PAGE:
Judge Edith Hollan Jones has the right resume for the Supreme Court short list. She has spent much of her life in President Bush's home state of Texas, and in two decades on the federal bench, Jones has built a staunchly conservative record. Now, though, some court watchers are wondering whether she is too far to the right to ever be confirmed.
Despite talk of peace on Capitol Hill, Republicans are still several votes short of being able to halt a filibuster against a nominee whom Democrats might find too extremeand Judge Jones might fit that profile. "If right now Justices Scalia and Thomas are Bobbsey twins," said David Dow, a professor at the University of Houston Law Center, "then if Judge Jones were there, they would become Bobbsey triplets . . . . She has proven to be a deeply ideological judge."
Jones, 56, was appointed to the Fifth Circuit Court of Appeals by President Ronald Reagan in 1985 and has been on the short list for a Supreme Court vacancy since George H.W. Bush was president. Jones was born in Philadelphia and received her bachelor's degree from Cornell University, but she was raised in San Antonio and has spent most of her career in Texas. As a result, friends say, she shares many of the southwestern values of retiring Justice Sandra Day O'Connor.
Jones graduated from the University of Texas School of Law in 1974 and then joined a Houston law firm, Andrews, Kurth, Campbell & Jones, where she specialized in bankruptcy and insolvency cases. She was named the first female partner at the firm while on maternity leave in 1982. "The way she became such a superstar was becoming focused, direct, and therefore effective," said Hugh Ray, a partner at the firm who worked with Jones.
She also became closely aligned with the Republican Party. From 1982 to 1983, while still at Andrews, Kurth, Campbell & Jones, she served as the general counsel to the party in Texas. Then in 1984 she received a call from a friend in the Justice Department asking whether she was interested in becoming a federal judge. Jones has described her appointment to the bench as a case of "knowing the right person at the right time."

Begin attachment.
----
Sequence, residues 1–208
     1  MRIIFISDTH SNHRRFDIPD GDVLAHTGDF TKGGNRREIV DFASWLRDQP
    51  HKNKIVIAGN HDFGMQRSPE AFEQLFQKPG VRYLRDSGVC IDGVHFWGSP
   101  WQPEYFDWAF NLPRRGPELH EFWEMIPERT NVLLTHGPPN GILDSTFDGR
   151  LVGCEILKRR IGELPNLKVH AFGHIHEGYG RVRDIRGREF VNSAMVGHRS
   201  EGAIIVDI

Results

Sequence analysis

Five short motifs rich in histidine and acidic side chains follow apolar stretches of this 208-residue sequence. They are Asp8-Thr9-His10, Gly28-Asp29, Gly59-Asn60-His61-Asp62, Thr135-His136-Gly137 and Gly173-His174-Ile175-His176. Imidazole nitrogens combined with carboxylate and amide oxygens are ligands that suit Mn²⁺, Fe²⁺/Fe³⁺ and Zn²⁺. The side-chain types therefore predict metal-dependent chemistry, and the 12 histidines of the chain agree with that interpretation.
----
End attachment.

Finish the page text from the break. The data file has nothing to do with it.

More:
Jones has been an outspoken conservative on and off the bench, rarely shying away from hot-button issues or masking her remarks. "I don't think anybody would say she isn't a straight shooter," Ray said. "They just don't agree with how she shoots."
A longtime advocate of an expedited capital-punishment system, Jones, in a 1988 death-penalty case, said a defense attorney was playing "chicken" when he requested a stay one week before an execution. In an article two years later, Jones proposed eliminating the 30-day notice prior to an execution, a notice that she said "sandbagged" the process.
Jones was heavily criticized for her comments during oral arguments in a 1989 sexual harassment case. After a lawyer listed a series of sexual harassment claims, Jones said, "Well, your client wasn't raped." Jones eventually dissented from the court's ruling, saying the abuses did not amount to a "hostile environment."
Jones has pleased judicial conservatives with her steadfast opposition to activist judges and her views on abortion. In a 2004 abortion case, Jones railed against the Supreme Court's Roe v. Wade decision, calling it an "exercise of raw judicial power." She said recent studies about the emotional effects women face after an abortion and evidence that babies can feel pain earlier than was once believed could lead courts to conclude that a "woman's 'choice' is far more risky and less beneficial, and the child's sentience far more advanced, than the Roe court knew." Throughout her time on the bench, Jones has also continued to focus on bankruptcy, urging Congress to reform bankruptcy laws and serving on the National Bankruptcy Review Commission.
Off the bench, Jones spends most of her time with her family. Her husband is a partner at her old law firm in Houston, and one of their sons works in the legal field. Her other son was recently killed in a car accident. Friends say Jones is focused on law and philosophy even away from the court: "I think her hobby is reading legal matters," Ray said.